By David Lee Soong Wei —
During the latest One Belt One Road forum, heads of state from around Asia gathered in Beijing to renew their commitment to China’s ambitious, globe spanning infrastructure plans. This marks one of China’s highest profile initiatives. As Chinese president Xi Jinping reaffirmed China’s support of free trade and globalization (and as the United States appears increasingly inward focused under President Trump), China appears to be priming itself for the role as the de facto global economic superpower. However, Singaporean prime minister, Lee Hsien Loong, was conspicuously absent from the forum. In his place, China invited Minister Lawrence Wong, Singapore’s Minister for National Development.
Some Singaporean commentators read this as a message from Beijing, that Singapore’s relationship with China was fraying. This snub comes on the heels of several diplomatic kerfuffles between Beijing and Singapore, beginning with Singapore’s vocal support for the ruling under UNCLOS which rejected China’s claims to the South China Sea in 2016. This was followed by the seizure of several Singaporean Armoured Personnel Carriers (APCs) from a Hong Kong port in late 2016 (after a flurry of diplomatic meetings, said APCs were returned to Singapore). Some commentators in Singapore have taken this sequence of events to weave a narrative to indicate Singapore’s growing isolation from China. Dr. Chee Soon Juan, leader of the Singapore Democratic Party (SDP) and long-time opponent to Prime Minister Lee, has taken to calling Singapore’s policy towards China as an “inconsistent cobbling of positions”, and overly influenced by American foreign policy goals. Singapore, to a few online commentators, is being increasingly left out in the cold by China in a time when closer relations are becoming even more crucial.
Lee’s snub aside — the simple narrative that China and Singapore’s diplomatic relations are drifting irrevocably apart is a dramatic oversimplification, and fails to take into account several key indicators of a strong relationship, one that should not be taken for granted, but one that will see through this diplomatic hiccup. On June 12, China and Singapore’s foreign ministers met to discuss Singapore’s role within China’s OBOR ambitions. Singaporean Foreign Minister Vivian Balakrishnan even offered Singapore’s financial industry to help bankroll the OBOR project. While China’s Foreign Minister, Wang Yi mentioned the tensions during their meeting, he emphasized the importance of cooperation between the two countries. On May 16, Prime Minister Lee met with Central Organization Department Minister Zhao Leji of China and they both reaffirmed the strong relationship that exists between both countries, while confirming Singapore’s participation in the OBOR forum.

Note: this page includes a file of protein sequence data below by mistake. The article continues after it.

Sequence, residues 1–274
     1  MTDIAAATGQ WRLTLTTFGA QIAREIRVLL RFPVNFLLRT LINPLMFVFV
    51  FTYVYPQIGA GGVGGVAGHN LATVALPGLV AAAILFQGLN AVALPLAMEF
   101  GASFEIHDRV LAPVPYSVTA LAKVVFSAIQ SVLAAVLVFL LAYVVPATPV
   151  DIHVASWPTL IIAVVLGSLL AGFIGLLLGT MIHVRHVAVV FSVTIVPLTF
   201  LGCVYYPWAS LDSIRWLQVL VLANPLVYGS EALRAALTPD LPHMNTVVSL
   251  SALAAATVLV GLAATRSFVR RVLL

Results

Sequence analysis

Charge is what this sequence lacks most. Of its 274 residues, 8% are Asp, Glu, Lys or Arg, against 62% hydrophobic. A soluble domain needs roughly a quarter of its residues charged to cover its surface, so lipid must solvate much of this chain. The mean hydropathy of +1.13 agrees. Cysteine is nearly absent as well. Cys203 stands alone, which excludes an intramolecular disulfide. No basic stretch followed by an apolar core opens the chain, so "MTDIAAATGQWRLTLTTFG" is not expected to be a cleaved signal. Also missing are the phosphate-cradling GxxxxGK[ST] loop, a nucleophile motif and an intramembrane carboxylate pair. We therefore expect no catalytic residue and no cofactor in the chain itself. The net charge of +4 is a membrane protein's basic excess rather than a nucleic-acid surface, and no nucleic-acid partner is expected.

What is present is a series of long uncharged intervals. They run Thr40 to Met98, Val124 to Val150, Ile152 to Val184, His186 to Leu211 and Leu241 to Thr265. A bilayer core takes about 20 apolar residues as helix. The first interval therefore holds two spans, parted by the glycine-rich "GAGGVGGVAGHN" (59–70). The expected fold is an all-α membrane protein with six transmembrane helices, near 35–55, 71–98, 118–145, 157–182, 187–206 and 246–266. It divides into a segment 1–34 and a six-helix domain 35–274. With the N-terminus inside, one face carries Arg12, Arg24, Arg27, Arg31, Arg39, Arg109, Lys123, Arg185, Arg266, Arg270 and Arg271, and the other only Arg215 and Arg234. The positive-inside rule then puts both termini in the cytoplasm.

Moreover, Singapore still maintains their deep rooted economic links with China, China remains Singapore’s largest trading partner in terms of value of goods, and China is a recipient of nearly $1 billion in foreign investment from Singapore. Many industrial cities in China owe their creation to Singapore’s assistance, such as the Sino-Singapore Tianjin Eco-City, which has attracted billions of dollars’ worth of investment worldwide.
Historically, Singapore stood by China following the Tiananmen Square incident, while most of the world froze China out diplomatically. China still conducts military training with Singaporean armed forces and Singapore even allows China to use Changi Naval base (famous for being made to fit U.S. naval ships) as a refuelling depot. Arguing that Singapore risks being alienated from China due to the events of the last year is myopic.
While Singapore’s relations with China will get through this blip, it remains unclear if the One Belt One Road initiative will be beneficial for Singapore’s economic well-being. While Singapore promises to support OBOR initiatives with its finance industry, why should Beijing look to them for financial support when banks in Hong Kong and mainland China would be able to provide the same services, and have more experience working with Chinese firms? But more importantly, Singapore is one of the largest trade economies in the world, with trade outflows accounting for more than four times its gross domestic product in 2011. The One Belt One Road initiative aims to improve and build infrastructure in the region, including port facilities that would compete against Singapore’s ports.
While some commentators view that it would take decades for the ports to displace Singapore’s position as the center of a global trade network, the real concern is that alternative port facilities will slowly wean Singapore away from being the center of trade, inexorably weakening their economy. Retaining a strong relationship between leaders, as well as maintaining a high level presence at events such as the forum would permit the Singaporean government to ensure it is fully aware of the situation, and allow for them to plan accordingly, to ensure Singapore maintains its essential role as the center of trade in Asia.
Mr. David Lee Soong Wei is Singaporean national and a former intern at CSIS, and a recent graduate from The George Washington University with degrees in Asian Studies and International Affairs, concentrating in International Economics.